Technology is advancing fast. In the next decade, digitisation and automation – along with wider trends like an ageing global population – are going to make reskilling the workforce a must.
But who is responsible for reskilling? Will it or should it be the workers themselves? Employers and businesses? Governments?
It’s something that needs to be talked about more if we don’t want to end up with even more of a skills gap than we currently have and a society that’s even more unequal than it already is.
What is reskilling?
Reskilling is the act of re-training in the new skills required to do new kinds of work.
It’s different from “upskilling”. A person being “upskilled” is trained to develop their existing expertise in the same direction. Most organisations consistently provide “upskilling” for their team in the form of career development and training programs.
Reskilling comes in when no amount of upskilling will enable a person to handle the disruption to an industry or job that comes with the introduction of a new technology.
Think of an assembly line worker whose job is replaced by automation. It doesn’t matter how good they are at their work. Without reskilling, they’re going to find their skills obsolete.
Is reskilling worth it?
As with the question of who is responsible for reskilling, whether moving laterally between jobs is worth it depends on the point of view of the person asking the question:
- For the individual – faced with a gradually diminishing number of businesses that will hire them with the skills they currently have, reskilling in the face of technological progress may become more “mandatory” than “worth it” for many people.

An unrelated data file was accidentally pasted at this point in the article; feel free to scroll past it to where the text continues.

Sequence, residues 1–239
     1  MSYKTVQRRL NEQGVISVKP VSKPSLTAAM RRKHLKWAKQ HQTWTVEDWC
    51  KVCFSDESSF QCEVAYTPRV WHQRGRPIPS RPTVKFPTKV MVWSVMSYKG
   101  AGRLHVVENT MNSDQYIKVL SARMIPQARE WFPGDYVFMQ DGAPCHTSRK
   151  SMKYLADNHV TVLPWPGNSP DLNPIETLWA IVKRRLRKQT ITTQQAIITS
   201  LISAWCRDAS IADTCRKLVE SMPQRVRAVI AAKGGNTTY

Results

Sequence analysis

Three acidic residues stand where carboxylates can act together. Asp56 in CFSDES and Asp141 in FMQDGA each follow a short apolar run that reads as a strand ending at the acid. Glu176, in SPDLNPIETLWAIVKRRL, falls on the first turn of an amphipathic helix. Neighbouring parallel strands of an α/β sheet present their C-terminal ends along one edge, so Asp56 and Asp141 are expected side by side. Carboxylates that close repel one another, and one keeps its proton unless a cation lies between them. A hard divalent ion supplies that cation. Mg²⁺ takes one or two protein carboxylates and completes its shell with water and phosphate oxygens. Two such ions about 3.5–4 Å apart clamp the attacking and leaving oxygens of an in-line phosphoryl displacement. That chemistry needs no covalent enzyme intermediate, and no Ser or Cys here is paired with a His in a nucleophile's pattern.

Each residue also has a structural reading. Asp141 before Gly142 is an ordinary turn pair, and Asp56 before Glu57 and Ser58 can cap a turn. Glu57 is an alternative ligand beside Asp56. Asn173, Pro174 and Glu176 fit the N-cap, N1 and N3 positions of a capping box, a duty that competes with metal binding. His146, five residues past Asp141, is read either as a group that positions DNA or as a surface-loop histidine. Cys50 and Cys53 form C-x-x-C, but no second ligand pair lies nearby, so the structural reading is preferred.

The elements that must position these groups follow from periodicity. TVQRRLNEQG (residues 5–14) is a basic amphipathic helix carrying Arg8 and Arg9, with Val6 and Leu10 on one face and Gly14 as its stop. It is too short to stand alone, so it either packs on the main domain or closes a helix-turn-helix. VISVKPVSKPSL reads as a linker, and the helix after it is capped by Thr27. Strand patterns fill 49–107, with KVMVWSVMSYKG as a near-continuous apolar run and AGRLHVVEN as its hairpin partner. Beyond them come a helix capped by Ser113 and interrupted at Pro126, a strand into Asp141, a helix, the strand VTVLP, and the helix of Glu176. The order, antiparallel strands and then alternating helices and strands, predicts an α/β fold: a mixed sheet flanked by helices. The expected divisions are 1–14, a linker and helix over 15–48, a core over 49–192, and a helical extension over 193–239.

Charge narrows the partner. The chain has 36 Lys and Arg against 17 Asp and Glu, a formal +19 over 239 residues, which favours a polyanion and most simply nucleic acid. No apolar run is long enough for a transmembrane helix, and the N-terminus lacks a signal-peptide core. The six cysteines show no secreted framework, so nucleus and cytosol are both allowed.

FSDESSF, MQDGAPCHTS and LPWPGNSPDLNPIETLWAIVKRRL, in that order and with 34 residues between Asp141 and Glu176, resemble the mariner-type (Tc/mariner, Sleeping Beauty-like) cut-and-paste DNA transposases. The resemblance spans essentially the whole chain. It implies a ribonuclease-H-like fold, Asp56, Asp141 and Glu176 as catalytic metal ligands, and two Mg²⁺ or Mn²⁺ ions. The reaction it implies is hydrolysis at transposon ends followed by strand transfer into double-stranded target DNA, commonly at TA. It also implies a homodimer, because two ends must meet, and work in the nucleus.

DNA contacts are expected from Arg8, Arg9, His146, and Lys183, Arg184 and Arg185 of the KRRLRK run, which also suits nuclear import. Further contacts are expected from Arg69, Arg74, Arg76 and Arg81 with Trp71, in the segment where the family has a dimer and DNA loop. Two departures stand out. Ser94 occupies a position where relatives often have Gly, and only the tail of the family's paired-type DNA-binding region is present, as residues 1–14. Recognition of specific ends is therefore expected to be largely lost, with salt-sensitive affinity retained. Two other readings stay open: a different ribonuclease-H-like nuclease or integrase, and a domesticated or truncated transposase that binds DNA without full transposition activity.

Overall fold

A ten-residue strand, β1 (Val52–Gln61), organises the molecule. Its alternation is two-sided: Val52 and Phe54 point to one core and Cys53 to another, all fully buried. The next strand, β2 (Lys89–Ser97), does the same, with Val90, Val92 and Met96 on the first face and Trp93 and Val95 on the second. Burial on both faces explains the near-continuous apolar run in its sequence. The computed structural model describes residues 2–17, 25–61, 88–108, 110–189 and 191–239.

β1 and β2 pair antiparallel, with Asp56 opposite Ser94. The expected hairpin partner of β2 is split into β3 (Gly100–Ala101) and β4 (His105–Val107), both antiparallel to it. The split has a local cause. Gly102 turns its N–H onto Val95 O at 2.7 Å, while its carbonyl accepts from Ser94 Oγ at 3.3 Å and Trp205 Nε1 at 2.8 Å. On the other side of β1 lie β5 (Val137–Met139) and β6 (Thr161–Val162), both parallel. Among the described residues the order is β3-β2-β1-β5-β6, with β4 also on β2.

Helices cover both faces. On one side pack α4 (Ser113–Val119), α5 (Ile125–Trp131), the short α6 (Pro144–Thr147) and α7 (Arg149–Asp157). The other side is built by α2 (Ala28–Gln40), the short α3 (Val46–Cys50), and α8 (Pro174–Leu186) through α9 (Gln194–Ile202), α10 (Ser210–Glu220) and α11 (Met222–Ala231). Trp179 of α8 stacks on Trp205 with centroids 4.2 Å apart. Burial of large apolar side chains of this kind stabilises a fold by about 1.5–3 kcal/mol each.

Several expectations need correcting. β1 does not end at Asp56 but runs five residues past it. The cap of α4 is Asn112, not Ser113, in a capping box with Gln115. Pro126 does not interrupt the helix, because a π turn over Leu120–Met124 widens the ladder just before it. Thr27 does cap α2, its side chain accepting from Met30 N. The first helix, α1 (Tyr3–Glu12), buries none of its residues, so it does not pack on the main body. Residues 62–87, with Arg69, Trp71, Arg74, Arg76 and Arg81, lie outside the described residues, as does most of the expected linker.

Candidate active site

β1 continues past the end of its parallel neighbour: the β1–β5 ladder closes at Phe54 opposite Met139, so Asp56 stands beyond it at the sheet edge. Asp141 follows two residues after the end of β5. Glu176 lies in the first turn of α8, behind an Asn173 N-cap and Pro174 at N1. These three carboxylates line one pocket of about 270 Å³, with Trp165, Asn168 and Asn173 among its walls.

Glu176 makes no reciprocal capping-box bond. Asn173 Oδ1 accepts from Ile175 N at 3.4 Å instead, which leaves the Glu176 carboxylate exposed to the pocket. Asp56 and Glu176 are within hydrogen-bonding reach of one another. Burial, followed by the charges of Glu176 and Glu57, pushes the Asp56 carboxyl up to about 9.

- For an organisation – trying to determine value, recent surveys and studies seem to indicate that it’s worth reskilling existing team members on a purely financial basis about 75% of the time. However, it’s not just the bottom-line finances that are worthy of consideration.
What does reskilling mean for…
1) The employee?
Most people want to keep their skills relevant if only to make sure they can access job opportunities. Today, when tech advances so fast, being on the ball with skills is more important than ever.
There are two ways of looking at this. The first is that it’s a pain in the neck. Rapid technology advancement sounds good on paper, but when it means regular retraining for you it can start sounding a whole lot less attractive.
The other side of the coin is much more positive though. How many times have you seen the words “skills shortage” in the press in recent years?
There are a lot of opportunities out there at the moment for people who are willing to reskill. Reskilling might be hard work. But if you come out of it with a new job in a sector you really want to be in, it might be worth it.
2) The organisation?
That skills shortage can be bad news for business leaders though. If you’re not set up to provide reskilling (and upskilling) where necessary, it’s looking more and more likely that potential talent will simply choose to go elsewhere.